LIVE REVIEW: The Cribs – Leeds Met 03/03/12

Practically speaking, a show in Leeds is as near to a homecoming as The Cribs usually get. Hailing from another part of West Yorkshire – namely, Wakefield – the band certainly have plenty of previous with these parts; their as-yet only live video release, Live at the Brudenell, was filmed at the famous Leeds social club in 2007, and the town’s been referred to – albeit cynically – in the lyrics for their single Martell. Tonight caps off a short UK tour designed specifically to air new material, and the strong possibility of a triumphant return to the north of England was on the cards from the off.

It’s been well over two years now since the last Cribs record, Ignore the Ignorant, was released, and there’s plenty of upheaval since; last year saw the amicable departure of Johnny Marr, over creative differences already laid bare through the decidedly off-kilter single release Housewife. As much as the legendary Smiths axeman’s flourishes were the making of Ignorant, there was something undeniably exciting about the prospect of the three Jarman brothers going it alone again.

Certainly, any hopes that the reshuffle might lead to a return to the more direct, abrasive sound of the band’s early output are immediately proved well-placed with blistering opener Chi-Town. This is a considerably smaller venue than you might normally expect to see The Cribs play – a little over a thousand in capacity – and the choices made for the setlist reflect the rawer atmosphere; just three tracks from the last release make the cut tonight, with a host of early classics, including the self-titled debut’s Direction and The Lights Went Out, enough to whip the already lively Saturday night crowd into a genuine frenzy.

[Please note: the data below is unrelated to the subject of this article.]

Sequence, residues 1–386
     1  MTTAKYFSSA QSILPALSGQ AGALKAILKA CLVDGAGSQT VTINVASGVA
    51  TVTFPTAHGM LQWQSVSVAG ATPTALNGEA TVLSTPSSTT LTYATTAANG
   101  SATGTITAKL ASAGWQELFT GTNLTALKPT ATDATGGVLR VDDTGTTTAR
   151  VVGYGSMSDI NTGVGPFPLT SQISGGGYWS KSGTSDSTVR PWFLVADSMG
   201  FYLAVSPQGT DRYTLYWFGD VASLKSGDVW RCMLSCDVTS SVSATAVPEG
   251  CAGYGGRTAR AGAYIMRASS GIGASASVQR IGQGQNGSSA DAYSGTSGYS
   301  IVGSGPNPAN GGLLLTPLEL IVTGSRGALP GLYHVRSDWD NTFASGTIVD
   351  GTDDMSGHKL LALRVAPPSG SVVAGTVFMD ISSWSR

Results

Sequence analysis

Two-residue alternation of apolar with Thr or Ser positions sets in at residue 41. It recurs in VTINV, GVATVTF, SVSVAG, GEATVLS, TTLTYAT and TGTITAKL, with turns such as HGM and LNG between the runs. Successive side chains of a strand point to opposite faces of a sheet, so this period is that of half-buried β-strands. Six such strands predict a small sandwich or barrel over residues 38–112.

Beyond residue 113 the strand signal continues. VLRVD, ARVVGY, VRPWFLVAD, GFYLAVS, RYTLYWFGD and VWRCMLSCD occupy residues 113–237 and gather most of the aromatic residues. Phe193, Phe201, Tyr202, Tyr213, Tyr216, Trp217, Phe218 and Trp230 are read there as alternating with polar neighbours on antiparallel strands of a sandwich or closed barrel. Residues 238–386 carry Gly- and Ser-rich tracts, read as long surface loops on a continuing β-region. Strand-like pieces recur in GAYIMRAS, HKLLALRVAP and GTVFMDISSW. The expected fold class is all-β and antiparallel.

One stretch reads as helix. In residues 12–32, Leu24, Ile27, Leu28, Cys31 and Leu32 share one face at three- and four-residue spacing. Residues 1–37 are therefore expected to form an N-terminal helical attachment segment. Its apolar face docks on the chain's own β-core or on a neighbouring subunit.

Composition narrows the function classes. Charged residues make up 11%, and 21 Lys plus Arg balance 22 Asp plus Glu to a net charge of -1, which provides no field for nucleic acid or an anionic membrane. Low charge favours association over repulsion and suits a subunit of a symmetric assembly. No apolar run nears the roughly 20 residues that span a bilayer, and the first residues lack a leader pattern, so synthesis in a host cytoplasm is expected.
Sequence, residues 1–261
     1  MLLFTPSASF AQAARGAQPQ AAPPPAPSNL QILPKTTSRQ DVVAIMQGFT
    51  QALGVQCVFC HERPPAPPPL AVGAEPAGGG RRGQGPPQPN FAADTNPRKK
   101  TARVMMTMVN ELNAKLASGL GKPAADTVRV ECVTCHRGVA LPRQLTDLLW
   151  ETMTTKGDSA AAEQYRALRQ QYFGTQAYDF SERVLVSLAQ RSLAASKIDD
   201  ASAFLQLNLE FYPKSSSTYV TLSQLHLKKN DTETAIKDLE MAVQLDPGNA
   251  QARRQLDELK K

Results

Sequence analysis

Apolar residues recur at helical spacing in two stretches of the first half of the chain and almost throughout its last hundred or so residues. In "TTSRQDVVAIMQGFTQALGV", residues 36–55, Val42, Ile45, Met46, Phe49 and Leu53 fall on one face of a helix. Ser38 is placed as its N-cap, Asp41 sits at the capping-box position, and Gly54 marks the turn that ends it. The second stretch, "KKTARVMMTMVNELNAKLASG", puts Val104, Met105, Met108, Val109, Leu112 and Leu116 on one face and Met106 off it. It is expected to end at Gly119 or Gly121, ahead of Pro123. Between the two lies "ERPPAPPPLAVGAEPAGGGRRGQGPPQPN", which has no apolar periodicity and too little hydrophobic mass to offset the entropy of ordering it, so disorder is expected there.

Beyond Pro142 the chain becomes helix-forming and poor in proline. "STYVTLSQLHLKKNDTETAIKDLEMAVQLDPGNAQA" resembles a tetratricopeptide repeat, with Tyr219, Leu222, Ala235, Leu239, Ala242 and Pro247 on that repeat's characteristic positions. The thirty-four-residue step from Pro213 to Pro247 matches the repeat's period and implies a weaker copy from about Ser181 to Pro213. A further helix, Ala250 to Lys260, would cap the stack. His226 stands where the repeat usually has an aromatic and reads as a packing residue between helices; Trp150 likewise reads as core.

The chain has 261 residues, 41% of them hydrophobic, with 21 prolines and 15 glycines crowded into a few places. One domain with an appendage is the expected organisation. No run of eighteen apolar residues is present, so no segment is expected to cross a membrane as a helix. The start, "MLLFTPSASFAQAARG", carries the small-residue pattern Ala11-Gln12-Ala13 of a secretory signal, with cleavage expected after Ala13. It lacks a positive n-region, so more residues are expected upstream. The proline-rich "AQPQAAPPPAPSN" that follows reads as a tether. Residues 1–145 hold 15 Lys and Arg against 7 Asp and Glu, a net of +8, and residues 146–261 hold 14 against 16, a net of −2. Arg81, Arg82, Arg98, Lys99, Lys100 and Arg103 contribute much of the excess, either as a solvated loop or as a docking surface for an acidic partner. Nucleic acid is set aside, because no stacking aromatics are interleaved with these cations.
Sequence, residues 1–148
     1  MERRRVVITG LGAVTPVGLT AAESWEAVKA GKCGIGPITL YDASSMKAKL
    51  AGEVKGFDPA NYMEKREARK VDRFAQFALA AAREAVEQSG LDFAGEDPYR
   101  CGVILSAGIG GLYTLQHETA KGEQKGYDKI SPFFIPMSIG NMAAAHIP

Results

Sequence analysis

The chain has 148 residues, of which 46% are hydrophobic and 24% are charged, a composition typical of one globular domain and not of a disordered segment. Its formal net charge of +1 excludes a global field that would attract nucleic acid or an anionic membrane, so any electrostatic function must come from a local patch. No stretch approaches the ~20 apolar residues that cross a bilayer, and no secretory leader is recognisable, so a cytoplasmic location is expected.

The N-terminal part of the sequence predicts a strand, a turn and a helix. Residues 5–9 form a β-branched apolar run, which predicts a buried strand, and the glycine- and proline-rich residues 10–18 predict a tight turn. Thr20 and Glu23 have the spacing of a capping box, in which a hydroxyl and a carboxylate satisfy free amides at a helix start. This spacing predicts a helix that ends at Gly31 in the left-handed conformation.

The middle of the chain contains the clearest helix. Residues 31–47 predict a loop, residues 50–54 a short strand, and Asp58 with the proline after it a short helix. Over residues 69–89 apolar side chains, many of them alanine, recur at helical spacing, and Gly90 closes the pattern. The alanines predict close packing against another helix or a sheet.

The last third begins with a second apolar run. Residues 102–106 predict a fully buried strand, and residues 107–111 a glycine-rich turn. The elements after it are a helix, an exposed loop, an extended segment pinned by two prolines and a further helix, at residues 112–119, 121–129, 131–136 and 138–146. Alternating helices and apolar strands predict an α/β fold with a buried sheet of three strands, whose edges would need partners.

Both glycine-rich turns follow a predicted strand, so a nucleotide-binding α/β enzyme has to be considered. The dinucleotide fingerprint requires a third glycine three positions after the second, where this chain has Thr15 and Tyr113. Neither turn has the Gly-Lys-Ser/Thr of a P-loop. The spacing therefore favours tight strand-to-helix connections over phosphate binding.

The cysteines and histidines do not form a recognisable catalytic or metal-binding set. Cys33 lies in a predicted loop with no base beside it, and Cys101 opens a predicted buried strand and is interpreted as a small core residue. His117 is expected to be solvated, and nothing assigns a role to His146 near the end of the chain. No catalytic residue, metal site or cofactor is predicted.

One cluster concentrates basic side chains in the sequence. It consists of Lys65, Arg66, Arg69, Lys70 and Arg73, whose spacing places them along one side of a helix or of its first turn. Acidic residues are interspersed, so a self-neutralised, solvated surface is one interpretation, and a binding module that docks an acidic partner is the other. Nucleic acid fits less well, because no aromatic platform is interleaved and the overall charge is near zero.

Inevitably, a slew of as yet unreleased tracks, all from the forthcoming, and wonderfully titled LP, In the Belly of the Brazen Bull, are also brought out for a first listen; whilst a hardcore minority are clearly familiar with Better Than Me, released days earlier as a pre-order bonus, the majority represent unchartered territory – if only for their current novelty. It’s clear that Brazen Bull is set to lurch back towards the sparser sound of the first two Cribs records; there’s a directness, almost an aggression to the guitars that was absent during the Marr days – it’s out with the pop and in with the punk, for sure.

A smattering of genuine live gems, including the Lee Ranaldo-narrated Be Safe and probably the band’s most expansive track yet, the searing City of Bugs, bring the set to a premature close; The Cribs are hugely unlikely to win any prizes for originality, but as long as they can walk onto a stage and command the kind of fervent reception they were met with tonight, it’s hugely unlikely that they’ll care.

Words: Joe Goggins

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